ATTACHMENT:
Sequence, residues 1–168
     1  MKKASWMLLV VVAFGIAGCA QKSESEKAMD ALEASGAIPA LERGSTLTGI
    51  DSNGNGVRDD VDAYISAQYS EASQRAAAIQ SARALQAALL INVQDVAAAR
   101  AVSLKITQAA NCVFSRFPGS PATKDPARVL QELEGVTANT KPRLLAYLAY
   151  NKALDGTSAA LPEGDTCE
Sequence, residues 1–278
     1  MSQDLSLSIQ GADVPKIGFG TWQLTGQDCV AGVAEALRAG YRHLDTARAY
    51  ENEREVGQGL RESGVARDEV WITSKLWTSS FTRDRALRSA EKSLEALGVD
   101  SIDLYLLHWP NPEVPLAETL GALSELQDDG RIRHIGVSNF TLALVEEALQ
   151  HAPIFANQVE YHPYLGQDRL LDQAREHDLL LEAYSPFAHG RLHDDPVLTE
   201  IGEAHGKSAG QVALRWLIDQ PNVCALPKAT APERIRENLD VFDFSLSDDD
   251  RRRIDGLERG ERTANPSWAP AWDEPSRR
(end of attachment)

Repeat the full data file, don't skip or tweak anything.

Sequence, residues 1–168
     1  MKKASWMLLV VVAFGIAGCA QKSESEKAMD ALEASGAIPA LERGSTLTGI
    51  DSNGNGVRDD VDAYISAQYS EASQRAAAIQ SARALQAALL INVQDVAAAR
   101  AVSLKITQAA NCVFSRFPGS PATKDPARVL QELEGVTANT KPRLLAYLAY
   151  NKALDGTSAA LPEGDTCE
Sequence, residues 1–278
     1  MSQDLSLSIQ GADVPKIGFG TWQLTGQDCV AGVAEALRAG YRHLDTARAY
    51  ENEREVGQGL RESGVARDEV WITSKLWTSS FTRDRALRSA EKSLEALGVD
   101  SIDLYLLHWP NPEVPLAETL GALSELQDDG RIRHIGVSNF TLALVEEALQ
   151  HAPIFANQVE YHPYLGQDRL LDQAREHDLL LEAYSPFAHG RLHDDPVLTE
   201  IGEAHGKSAG QVALRWLIDQ PNVCALPKAT APERIRENLD VFDFSLSDDD
   251  RRRIDGLERG ERTANPSWAP AWDEPSRR